THE country’s Covid-19 cases might be receding, but the pandemic’s disruptive tendencies have remained to haunt the cotton industry amid reports of wool pack shortages triggered by global trade and movement restrictions adopted at the height of the scourge.
Cotton Producers and Marketers Association chairperson, Mr Stewart Mubonderi yesterday revealed that farmers had started delivering their 2021/22 crop on the backdrop of growing excitement generated by the new payment system of US$60 per 200kg bale payment accompanied by $6 500 in local currency.
Mr Mubonderi, however, said shortages of wool packs or bales that are imported from India and China were deflating the farmers’ zeal, which was most likely to stall deliveries prompting fears of some of the white gold losing quality or even getting destroyed due to poor storage conditions.
Incidentally, India and China are among countries that were hardest-hit by the pandemic.
“Many farmers are now keeping their produce at home where its storage safety cannot be guaranteed against a background of rising cases of crop produce being destroyed by fires or storage pests triggering huge losses for the farmers,” commented Mr Mubonderi.
He went on to challenge ginners to start ginning as a matter of urgency so that emptied bales can be returned into circulation and help alleviate the shortages.
“We call upon ginners to start ginning immediately if possible so that they free some of the bales they have in their possession and allow farmers to re-use them in the light of these shortages,” he said.
The farmers’ problems have also been further compounded by the fact that the Agricultural Marketing Authority (AMA) has deployed inadequate clerks to oversee the marketing of the white gold, which is robbing the selling process of the much-needed speed to allow farmers to start preparations for next season.
“There are instances when a single AMA clerk is expected to man three or four selling points. This has been happening at Mapondo, Muzambia, Mafuta and Chembada selling points in Raffingora, Mashonaland West. It is unfortunate that the single clerk is struggling to effectively cover the four spots, which is delaying the payment farmers, observed Mr Mubonderi.
He, however, highlighted that despite these setbacks the farmers were excited with the US$60 and $6 500 they are receiving per bale.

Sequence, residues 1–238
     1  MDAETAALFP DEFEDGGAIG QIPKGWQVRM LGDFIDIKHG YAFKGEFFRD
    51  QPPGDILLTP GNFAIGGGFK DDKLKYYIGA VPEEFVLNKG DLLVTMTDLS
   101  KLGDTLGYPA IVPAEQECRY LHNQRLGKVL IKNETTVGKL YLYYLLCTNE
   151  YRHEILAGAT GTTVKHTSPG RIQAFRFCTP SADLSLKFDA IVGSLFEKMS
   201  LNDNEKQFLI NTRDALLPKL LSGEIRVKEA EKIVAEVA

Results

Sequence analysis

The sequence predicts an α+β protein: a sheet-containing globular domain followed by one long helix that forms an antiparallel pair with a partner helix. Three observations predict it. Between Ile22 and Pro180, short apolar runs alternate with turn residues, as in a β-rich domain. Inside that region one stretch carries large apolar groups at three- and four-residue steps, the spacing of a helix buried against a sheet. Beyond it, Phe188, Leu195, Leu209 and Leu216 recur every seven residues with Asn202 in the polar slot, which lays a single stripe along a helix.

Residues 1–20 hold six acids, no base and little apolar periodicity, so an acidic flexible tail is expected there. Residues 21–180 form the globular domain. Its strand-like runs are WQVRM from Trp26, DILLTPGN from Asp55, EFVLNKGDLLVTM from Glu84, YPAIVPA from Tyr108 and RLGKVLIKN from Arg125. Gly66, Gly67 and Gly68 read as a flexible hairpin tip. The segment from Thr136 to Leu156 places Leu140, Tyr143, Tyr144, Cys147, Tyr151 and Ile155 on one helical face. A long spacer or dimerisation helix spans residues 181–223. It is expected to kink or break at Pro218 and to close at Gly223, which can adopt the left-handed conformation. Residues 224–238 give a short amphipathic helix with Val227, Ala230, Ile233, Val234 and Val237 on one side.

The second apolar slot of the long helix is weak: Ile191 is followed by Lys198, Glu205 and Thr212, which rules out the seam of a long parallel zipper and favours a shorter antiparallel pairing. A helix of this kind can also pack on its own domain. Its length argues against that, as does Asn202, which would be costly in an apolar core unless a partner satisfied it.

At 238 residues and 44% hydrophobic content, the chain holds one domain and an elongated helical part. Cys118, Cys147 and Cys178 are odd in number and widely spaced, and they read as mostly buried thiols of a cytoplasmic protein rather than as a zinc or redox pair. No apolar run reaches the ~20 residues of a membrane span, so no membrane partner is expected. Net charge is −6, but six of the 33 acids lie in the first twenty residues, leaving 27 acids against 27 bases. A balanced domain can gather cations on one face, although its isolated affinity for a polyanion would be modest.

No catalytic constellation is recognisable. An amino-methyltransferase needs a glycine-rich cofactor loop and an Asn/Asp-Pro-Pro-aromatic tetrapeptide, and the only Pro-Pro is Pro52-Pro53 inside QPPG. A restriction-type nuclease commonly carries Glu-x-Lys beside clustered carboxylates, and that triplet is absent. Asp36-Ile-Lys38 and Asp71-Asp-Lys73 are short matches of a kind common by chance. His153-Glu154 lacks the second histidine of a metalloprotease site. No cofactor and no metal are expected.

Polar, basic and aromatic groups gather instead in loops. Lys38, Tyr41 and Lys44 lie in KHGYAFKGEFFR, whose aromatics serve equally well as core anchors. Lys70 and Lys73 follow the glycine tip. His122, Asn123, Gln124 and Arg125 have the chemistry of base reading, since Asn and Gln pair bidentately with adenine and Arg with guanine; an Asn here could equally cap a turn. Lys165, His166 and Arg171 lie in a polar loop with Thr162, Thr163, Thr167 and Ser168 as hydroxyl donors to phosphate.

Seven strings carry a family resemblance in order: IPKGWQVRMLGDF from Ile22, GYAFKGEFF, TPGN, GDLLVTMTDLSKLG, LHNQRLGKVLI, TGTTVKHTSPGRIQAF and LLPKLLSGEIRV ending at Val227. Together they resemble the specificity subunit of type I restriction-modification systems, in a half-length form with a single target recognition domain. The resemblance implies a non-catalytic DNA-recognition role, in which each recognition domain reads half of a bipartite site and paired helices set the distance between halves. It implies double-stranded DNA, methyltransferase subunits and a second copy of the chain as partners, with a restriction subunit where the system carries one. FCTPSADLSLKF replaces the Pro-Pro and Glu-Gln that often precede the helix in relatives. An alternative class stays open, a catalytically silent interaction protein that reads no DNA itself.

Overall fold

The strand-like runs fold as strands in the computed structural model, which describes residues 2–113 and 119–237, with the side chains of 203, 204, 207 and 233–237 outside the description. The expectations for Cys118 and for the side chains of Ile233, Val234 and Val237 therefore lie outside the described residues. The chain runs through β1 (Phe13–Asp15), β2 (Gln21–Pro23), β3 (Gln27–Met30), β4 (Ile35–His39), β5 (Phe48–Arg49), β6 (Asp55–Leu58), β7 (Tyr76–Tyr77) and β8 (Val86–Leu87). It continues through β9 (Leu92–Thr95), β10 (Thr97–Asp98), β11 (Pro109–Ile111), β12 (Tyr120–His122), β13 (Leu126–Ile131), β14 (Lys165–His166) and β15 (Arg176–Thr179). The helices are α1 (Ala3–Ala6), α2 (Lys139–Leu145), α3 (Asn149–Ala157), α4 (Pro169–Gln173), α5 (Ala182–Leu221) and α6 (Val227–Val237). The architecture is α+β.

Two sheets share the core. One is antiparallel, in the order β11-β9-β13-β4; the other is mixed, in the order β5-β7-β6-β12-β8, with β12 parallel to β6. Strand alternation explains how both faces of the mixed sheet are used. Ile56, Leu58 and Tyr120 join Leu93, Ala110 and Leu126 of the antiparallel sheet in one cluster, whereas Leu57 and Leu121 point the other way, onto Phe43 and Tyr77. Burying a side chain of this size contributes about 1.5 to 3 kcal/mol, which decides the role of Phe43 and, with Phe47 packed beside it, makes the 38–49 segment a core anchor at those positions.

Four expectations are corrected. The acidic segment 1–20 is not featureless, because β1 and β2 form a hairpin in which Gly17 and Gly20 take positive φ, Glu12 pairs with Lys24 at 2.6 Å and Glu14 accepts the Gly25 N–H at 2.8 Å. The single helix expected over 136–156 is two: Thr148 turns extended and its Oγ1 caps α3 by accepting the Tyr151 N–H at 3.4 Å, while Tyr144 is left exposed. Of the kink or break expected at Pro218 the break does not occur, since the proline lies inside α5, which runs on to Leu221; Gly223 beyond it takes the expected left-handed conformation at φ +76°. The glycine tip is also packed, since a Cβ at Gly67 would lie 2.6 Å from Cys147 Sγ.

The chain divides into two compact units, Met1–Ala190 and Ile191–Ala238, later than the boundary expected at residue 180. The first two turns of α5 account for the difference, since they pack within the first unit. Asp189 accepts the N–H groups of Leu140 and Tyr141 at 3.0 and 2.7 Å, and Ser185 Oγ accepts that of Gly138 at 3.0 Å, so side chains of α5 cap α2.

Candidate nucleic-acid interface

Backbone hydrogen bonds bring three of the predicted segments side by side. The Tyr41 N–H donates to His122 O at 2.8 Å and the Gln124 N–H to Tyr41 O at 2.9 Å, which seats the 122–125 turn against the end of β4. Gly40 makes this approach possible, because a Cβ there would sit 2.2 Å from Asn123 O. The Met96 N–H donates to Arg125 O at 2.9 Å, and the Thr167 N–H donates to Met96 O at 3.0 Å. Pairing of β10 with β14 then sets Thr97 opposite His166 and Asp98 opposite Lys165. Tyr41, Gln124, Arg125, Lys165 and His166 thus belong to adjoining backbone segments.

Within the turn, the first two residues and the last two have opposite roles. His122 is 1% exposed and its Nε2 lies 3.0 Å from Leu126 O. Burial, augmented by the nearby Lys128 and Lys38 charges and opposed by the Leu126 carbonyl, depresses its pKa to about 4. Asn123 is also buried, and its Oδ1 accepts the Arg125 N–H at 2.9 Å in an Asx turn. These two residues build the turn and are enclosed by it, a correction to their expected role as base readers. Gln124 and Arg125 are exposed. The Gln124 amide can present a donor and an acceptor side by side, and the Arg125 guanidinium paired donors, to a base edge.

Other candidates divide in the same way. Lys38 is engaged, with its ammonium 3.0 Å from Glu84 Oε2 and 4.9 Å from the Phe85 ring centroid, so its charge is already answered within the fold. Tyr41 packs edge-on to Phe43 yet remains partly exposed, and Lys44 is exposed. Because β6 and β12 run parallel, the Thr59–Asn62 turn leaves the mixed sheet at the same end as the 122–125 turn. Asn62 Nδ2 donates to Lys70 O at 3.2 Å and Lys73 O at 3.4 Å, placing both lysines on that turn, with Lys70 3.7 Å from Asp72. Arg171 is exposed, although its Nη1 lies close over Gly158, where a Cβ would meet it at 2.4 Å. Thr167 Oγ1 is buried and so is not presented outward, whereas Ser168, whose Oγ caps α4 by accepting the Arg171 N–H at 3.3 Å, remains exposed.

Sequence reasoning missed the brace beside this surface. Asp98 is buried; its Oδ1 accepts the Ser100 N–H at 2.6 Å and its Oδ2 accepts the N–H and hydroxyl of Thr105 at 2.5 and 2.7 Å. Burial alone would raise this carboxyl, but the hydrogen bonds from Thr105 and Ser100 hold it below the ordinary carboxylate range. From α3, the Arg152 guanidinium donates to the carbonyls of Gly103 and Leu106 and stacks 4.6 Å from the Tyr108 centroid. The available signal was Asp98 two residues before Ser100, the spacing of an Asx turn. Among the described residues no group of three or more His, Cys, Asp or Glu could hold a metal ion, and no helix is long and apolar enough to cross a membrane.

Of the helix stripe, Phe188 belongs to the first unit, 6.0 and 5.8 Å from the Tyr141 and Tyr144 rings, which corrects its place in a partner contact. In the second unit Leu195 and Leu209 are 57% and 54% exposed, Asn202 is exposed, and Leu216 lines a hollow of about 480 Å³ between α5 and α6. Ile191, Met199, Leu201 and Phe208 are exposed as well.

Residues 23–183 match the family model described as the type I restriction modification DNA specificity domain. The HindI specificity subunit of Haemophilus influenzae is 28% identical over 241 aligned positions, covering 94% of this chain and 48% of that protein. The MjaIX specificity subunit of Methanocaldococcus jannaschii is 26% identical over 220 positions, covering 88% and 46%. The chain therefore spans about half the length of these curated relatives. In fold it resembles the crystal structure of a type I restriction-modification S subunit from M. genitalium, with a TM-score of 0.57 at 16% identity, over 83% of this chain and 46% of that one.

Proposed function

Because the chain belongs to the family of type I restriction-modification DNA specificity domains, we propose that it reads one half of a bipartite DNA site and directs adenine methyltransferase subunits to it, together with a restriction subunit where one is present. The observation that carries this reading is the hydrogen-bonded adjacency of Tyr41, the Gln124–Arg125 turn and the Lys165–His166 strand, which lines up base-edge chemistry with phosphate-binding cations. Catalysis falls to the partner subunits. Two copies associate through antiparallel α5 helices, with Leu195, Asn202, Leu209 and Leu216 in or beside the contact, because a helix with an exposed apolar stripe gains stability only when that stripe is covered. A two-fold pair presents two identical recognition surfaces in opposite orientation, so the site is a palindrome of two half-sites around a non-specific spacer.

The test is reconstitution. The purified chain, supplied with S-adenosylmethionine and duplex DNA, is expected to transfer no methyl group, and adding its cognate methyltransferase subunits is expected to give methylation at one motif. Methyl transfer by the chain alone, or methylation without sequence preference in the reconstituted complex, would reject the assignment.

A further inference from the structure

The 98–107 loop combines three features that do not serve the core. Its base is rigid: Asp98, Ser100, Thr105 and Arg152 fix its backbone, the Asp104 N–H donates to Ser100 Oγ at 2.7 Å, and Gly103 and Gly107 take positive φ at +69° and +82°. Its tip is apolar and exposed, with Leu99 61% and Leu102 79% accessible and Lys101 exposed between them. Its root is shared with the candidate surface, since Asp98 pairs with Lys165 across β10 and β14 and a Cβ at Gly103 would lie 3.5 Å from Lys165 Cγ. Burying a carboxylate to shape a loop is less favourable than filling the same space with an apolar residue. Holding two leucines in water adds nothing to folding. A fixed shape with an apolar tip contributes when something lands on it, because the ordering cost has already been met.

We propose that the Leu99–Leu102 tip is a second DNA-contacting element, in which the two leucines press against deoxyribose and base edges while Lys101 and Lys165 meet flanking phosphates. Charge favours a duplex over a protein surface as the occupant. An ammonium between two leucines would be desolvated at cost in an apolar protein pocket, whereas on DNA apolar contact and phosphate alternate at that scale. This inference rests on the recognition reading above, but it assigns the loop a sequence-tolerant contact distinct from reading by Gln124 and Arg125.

“There is always a hive of activity at growth points in all cotton producing areas as farmers spoil their families from their rich pickings.
“There is likely going to be a threefold increase in cotton production in the coming season as those farmers who had abandoned the crop look set to be coming back while new entrants will also come encouraged by crop’s current profitability,” said Mr Mubonderi.
AMA chief executive, Mr Clever Isaya responded saying there were 743 cotton buying points countrywide, 366 of which are permanent locations. This made it impossible to assign a clerk to every buying point, which explains the deployment of one clerk at two or three points.
Mr Isaya urged farmers to build up deliveries of their seed cotton at cotton buying points and mobile buying points to enable AMA and buyers to schedule the buying dates and speed up cash disbursements and save their time.
For the revised cotton prices, the implied producer price is US$0,39 per kg, that is, if the farmer was to receive all his cotton income in US dollars at the interbank rate of 370, 96 which is higher than the regional average that is around US$0,30 per kg.
Zimbabwe Farmers Union secretary general Mr Paul Zakariya commended the new payment model in which farmers are getting paid on the spot.
He, however, urged selling points to have adequate cash meet farmers’ requirements citing an incident in Mt Darwin where farmers were told that cash had run out and were supposed to wait for replenishments describing it as unfortunate.
“This can dampen their spirits and evoke memories of the past years when payments came late or are still to come. Some farmers have not yet received payments for the 2020 season,” he said.